Dried (and fresh) Mushroom Soup

mushroomLetters would arrive from France, Poland, and Israel, my father carefully removing the stamps before tossing the envelopes.  Once in a while, no more than once or twice a year, a package would arrive as well.  It was always the same, a cardboard box wrapped in brown paper tied with a rope.  It was clear from the handwriting that it was addressed by someone whose native language was not English.  A pungent, earthy smell seeped through the box, revealing the contents before we managed to cut the string.

The box contained dried mushrooms, grzyby.  They were sent to us by a Polish man who had helped my father during the war, a man who in return for his kindness and heroism, received a small check from my father, every month, for as long as I can remember.  They never saw each other again, but the relationship was maintained by this exchange that went back and forth across the ocean, via mail.

In an age where letters are a rare form of communication, and packages often come from Amazon, I miss that feeling of anticipation and excitement that went hand in hand with the approach of a mailman.   We say our hectic lives are to blame, but I think about this Polish farmer, whose life I am sure was challenging in many unimaginable ways, going out to the woods to pick mushrooms after a rainfall,  then drying them, boxing them, and taking them to a post office to mail them to a man in the United States who he had not seen in years.

It has been rainy and cold (for L.A.) and Purim is around the corner.  That means Mishloah Manot will soon be mailed.  I have no doubt that there will be various comments about the contents, but I hope that the packages will stir the same feelings that I think my father experienced when those boxes arrived.  Knowing that someone is thinking of you, year after year, and from miles away.

In the meantime, it is a perfect time of year to make a pot of mushroom soup.

Dried Mushroom Soup

2 oz. dried Polish mushrooms

1 cup hot water

1 lb small brown or white mushrooms

2 Tb olive oil

1 large brown onion

1 small leek, white part only

1 large russet potato

2 Tb butter

3 cups pareve chicken stock plus reserved water that mushrooms were soaked in.

1 1/2 tsp salt

1 tsp pepper

1/2 cup whole milk

Soak dried mushrooms in a small bowl of hot water for a few minutes to release any dirt.  Then strain and place mushrooms in about 1 cup of hot water for about 20 minutes till mushrooms soften.  Peel and dice onion, clean and thinly slice leek,  and add both to a large soup pot along with the 2 Tb  of olive oil.   Saute onions and leeks for about 5 minutes over a low flame but do not allow to brown.  Thinly slice fresh mushrooms and add to pot along with dried mushrooms, reserved liquid, and chicken broth.  Add potato that you have peeled and diced and salt and pepper.  Bring  soup to a boil, lower heat and simmer covered, for about one hour.  Allow to cool and then purée using an immersion blender.  Add butter and milk and adjust seasoning to taste.  If you want to reheat, do it over a low flame.  Serves 6 – 8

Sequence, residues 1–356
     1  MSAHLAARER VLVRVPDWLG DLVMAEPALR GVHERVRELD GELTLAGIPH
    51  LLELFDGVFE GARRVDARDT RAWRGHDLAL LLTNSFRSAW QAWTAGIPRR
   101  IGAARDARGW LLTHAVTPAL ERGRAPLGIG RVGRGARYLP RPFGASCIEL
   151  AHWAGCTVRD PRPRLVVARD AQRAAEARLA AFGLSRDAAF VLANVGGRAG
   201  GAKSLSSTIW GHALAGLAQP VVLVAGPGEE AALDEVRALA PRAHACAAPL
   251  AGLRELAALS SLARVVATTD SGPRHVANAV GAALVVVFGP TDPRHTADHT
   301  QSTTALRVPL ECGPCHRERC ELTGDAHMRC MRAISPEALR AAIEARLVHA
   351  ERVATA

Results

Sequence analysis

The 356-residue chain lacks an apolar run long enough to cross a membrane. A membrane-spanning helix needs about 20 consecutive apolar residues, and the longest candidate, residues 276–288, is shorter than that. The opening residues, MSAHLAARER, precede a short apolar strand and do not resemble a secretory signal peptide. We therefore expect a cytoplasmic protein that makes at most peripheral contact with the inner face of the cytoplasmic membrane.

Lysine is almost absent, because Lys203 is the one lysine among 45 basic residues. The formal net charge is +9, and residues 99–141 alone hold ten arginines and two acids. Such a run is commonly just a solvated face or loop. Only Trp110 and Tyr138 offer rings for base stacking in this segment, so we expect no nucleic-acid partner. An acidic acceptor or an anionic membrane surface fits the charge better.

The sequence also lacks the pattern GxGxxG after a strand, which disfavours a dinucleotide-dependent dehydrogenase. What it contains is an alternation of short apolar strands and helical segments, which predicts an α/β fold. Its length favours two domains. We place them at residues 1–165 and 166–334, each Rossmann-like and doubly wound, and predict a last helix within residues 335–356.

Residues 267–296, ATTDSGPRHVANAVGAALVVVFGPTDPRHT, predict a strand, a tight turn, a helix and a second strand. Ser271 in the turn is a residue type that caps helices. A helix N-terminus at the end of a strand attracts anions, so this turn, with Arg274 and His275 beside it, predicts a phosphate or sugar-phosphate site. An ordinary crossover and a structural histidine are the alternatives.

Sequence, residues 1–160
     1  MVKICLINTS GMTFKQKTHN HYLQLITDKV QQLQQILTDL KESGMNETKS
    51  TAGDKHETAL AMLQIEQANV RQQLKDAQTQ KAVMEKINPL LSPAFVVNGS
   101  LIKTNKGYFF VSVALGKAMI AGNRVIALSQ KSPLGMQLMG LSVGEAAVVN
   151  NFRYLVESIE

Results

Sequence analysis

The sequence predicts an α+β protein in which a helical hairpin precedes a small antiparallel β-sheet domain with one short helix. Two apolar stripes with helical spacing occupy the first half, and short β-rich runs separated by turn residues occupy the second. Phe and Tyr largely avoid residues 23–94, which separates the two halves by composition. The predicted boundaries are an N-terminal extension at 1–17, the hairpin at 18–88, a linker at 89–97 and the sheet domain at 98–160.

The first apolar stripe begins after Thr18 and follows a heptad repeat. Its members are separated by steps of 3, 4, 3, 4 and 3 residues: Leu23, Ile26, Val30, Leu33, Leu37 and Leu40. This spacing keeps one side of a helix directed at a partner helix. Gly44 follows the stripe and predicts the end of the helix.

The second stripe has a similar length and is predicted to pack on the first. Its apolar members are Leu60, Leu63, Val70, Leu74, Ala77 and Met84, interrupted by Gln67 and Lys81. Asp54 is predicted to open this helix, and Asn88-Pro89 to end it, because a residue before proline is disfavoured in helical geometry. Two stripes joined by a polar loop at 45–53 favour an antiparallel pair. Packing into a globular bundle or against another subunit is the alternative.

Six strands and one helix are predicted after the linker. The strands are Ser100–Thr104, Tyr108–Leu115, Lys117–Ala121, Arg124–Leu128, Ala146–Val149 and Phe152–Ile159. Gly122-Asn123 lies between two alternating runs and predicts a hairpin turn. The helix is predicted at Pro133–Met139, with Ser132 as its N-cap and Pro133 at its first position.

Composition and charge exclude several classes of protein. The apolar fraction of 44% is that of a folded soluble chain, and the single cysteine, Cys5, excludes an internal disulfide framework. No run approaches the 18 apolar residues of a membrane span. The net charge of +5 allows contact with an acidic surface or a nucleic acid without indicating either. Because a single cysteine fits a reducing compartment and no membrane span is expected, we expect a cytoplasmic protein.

Enjoy,

Irene

Austrian Cream Veloute Soup

Having a chef come to your home with the intention of helping you cook can be an intimidating experience.  I knew for several weeks that newlyweds from our synagogue had accepted an invitation to join us for Shabbat and were planning to come early and help prepare the meal.  Michael (the chef) and I were in charge of the soup and pasta.  Emily and Norm were going to bake Challot.  My older son was going to keep us entertained.

At 3:00 Michael and Emily arrived and the five of us spent the afternoon in our favorite place, the kitchen.  The counter, in my narrow galley kitchen, was divided into two stations. There was the baking corner and the soup/pasta corner.  Michael, a graduate of the Culinary Institute of America, had worked in a high-end New York restaurant for several years.  I would love to say that we were a team, dissecting the recipes and discussing the pluses and minuses of fresh tomatoes versus canned.  It was nothing like that.  Michael and I started making the pasta sauce together but he had such command of the kitchen that after a few bottles of wine, I decided to take complete advantage of my guest and let the pro do his magic, and magic it was.


Here is the soup that Michael prepared. Incredibly rich and delicious, the texture of this soup is like velvet.

Austrian Cream Veloute Soup

This soup requires a few steps, but it’s worth it.

Vegetable Stock

1 lb. each of carrots, leeks, Spanish onion,

1 fennel bulb

2 sprigs Thyme

2 Bay Leaves

1 bunch Italian parsley

4 1/2 quarts water

2-3 Tbs vegetable oil

Grind all raw vegetables in food grinder or Cuisineart, and place in stock pot with vegetable oil.  Saute vegetables and herbs for several minutes, until they began to give off some liquid.  Add water and simmer for one hour.  Then take your stock along with the vegetables and put through a fine mesh strainer, removing all pulp.

Note: This stock can be used as a base for any soup.

1 1/2 sticks butter

1 1/2 cups flour

salt and pepper to taste

Melt butter in a large pot and slowly add flour, whisking together to make a roux.  Cook for several minutes, and slowly add your homemade vegetable stock. Bring to a boil and then reduce heat and simmer for about 45 minutes. Add juice of half a lemon.  Allow to cool slightly and whisk in sour cream.  When ready to serve, ladle soup into bowls and add some homemade croutons. Garnish with chopped chives.

2- 8 oz. containers sour cream

Garnish with croutons and chives

juice of half a lemon


Enjoy,

Irene